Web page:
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Kyle Cumiskey Signs with the Colorado Avalanche, Still Has a Lot to Prove

DENVER - OCTOBER 03:  Kyle Cumiskey #10 of the Colorado Avalanche skates against the Vancouver Canucks during NHL action at the Pepsi Center on October 3, 2009 in Denver, Colorado. The Avalanche defeated the Canucks 3-0.  (Photo by Doug Pensinger/Getty Images)
Doug Pensinger/Getty Images
Chris HoffmanContributor IIIJune 24, 2016

On Friday, the Avalanche finally got restricted free agent defenseman Kyle Cumiskey under contract. The Denver Post reports that the contract is a one-year, two-way deal worth $708,000 at the NHL level, and $105,000 if he is assigned to the American Hockey League.

He was selected in the seventh round of the 2005 draft (No. 222 overall) by the Avs. The only thing that has differentiated Cumiskey so far is his skating ability. He is by far one of the fastest skaters on this Avalanche team and, for that matter, in the NHL.

Despite his speed advantage, Cumiskey enters training camp as one of the Avalanche players with the most to prove. 

He hasn't shown the ability to consistently make good decisions in his own zone. In his last five seasons, split between the Lake Erie Monsters (AHL) and the Avalanche, he has earned a minus-11 rating.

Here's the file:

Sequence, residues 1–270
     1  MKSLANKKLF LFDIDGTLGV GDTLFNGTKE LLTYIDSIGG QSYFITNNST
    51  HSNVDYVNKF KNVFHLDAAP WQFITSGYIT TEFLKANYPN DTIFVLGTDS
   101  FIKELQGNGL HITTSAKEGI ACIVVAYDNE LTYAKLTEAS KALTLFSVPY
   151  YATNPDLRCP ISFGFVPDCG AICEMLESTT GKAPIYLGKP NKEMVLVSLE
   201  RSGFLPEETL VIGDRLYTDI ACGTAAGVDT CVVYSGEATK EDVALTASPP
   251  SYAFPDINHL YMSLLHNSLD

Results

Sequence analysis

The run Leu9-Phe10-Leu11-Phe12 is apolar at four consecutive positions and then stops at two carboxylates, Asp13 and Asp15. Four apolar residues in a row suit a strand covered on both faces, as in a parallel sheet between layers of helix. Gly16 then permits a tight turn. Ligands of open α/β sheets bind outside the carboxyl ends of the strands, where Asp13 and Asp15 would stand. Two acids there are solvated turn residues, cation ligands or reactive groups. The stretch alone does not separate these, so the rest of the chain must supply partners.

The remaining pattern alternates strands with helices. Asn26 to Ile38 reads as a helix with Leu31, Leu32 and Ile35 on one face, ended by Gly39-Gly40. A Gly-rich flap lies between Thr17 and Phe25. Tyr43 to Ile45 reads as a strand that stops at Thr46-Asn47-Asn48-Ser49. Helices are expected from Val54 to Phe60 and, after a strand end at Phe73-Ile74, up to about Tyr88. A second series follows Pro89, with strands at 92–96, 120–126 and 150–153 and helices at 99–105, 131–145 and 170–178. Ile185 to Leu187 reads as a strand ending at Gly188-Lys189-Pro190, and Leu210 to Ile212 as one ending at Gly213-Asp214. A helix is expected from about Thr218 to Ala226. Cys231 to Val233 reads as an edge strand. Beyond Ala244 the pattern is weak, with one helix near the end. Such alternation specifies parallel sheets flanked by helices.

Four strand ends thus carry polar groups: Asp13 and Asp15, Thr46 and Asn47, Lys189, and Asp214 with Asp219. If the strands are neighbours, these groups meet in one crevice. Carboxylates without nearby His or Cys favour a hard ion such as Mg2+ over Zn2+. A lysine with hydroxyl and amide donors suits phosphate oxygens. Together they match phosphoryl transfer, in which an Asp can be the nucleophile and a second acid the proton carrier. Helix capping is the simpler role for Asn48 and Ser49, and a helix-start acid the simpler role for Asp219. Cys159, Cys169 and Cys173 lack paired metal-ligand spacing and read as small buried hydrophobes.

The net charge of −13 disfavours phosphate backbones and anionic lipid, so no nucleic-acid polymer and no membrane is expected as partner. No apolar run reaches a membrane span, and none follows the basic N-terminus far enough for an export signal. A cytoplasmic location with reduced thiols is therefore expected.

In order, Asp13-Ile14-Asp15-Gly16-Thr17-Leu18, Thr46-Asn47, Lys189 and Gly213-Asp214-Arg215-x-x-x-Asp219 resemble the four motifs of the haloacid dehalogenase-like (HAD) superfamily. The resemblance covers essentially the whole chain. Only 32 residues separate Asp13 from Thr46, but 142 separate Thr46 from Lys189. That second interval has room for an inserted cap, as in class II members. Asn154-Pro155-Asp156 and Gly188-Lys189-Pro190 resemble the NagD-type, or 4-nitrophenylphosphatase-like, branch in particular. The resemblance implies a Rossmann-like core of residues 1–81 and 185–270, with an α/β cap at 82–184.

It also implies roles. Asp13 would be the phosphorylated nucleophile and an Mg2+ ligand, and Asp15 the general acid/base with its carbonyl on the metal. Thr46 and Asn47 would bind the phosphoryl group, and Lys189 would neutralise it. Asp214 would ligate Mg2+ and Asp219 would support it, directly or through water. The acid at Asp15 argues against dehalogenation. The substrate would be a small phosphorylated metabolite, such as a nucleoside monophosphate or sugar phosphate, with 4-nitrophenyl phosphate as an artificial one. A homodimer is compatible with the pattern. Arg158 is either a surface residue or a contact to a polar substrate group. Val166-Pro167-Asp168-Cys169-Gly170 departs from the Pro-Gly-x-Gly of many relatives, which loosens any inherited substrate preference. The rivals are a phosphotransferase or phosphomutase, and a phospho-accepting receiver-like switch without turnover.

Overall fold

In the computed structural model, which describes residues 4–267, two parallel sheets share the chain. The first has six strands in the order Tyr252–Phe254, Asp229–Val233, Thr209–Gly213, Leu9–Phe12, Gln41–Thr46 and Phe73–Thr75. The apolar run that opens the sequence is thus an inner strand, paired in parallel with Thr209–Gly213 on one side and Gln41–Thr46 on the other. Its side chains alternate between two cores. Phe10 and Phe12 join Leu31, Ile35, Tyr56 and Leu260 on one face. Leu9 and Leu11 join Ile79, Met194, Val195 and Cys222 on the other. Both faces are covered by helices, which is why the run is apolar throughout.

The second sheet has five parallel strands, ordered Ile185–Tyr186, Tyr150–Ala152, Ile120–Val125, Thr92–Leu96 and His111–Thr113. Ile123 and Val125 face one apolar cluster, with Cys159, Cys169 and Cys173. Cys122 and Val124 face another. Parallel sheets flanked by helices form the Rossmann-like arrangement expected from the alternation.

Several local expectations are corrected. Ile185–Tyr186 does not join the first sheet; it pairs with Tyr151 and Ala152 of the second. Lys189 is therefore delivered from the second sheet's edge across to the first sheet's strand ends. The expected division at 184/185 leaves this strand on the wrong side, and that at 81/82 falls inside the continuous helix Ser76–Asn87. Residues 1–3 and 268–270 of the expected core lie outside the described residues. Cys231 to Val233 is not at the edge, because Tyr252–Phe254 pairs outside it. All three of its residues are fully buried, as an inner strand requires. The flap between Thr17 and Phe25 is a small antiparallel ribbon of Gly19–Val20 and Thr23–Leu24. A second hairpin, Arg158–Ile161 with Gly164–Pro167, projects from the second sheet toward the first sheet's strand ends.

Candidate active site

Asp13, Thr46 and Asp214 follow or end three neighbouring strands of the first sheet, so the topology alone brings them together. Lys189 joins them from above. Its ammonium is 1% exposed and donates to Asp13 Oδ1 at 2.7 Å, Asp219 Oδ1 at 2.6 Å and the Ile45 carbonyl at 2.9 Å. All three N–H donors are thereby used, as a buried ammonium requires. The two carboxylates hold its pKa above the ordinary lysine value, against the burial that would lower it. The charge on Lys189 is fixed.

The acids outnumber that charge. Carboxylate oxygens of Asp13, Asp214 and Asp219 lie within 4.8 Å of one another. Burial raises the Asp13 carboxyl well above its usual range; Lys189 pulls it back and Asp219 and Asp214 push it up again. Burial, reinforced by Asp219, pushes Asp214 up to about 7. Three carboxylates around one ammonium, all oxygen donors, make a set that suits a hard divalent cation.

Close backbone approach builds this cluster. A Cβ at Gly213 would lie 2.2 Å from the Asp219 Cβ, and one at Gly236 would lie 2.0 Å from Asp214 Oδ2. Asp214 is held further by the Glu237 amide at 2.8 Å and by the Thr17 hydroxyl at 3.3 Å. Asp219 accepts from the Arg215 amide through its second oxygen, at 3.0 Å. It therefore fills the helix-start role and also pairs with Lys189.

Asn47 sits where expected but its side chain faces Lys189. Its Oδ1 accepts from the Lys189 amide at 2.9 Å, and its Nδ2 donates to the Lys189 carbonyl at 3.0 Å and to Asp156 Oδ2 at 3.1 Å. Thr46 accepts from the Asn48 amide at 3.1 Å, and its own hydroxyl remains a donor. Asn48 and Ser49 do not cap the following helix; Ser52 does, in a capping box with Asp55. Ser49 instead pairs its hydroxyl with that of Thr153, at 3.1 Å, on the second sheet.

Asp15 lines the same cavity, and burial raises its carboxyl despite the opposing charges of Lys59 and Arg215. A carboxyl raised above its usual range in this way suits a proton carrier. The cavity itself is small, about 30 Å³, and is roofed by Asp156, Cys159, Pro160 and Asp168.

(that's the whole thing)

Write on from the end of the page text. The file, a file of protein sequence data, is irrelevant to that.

While he is still young (24), and defensemen typically take longer to mature into reliable players than forwards do, Cumiskey needs to start proving he can be a night-in, night-out contributor in the NHL.

That won't be an easy task when you consider the new-look Colorado defense he'll be trying to earn a starting job with this year.

The Avalanche have made clear their intentions to get bigger, stronger and tougher to play against in their own zone through the acquisitions of Ryan O'Byrne, Jan Hejda, Erik Johnson and Shane O'Brien. At 5'10", 185 pounds, Cumiskey doesn't fit that bill.

He'll also face steep competition for any roster spots available to smaller, faster, more offensively-minded defensemen. Jonas Holos and Kyle Quincey will be looking for starting jobs, along with a very skilled group of prospects looking to crack the NHL in Stefan Elliott, Tyson Barrie, Cameron Gaunce and Duncan Siemens (for more info on these prospects, click here).

Cumiskey only appeared in 18 games for Colorado last season, hampered by a nagging concussion injury.

Assuming he can stay healthy this season, he needs to step up and prove that he belongs at the NHL level. It will take more than a great set of wheels to crack the opening night roster this year.

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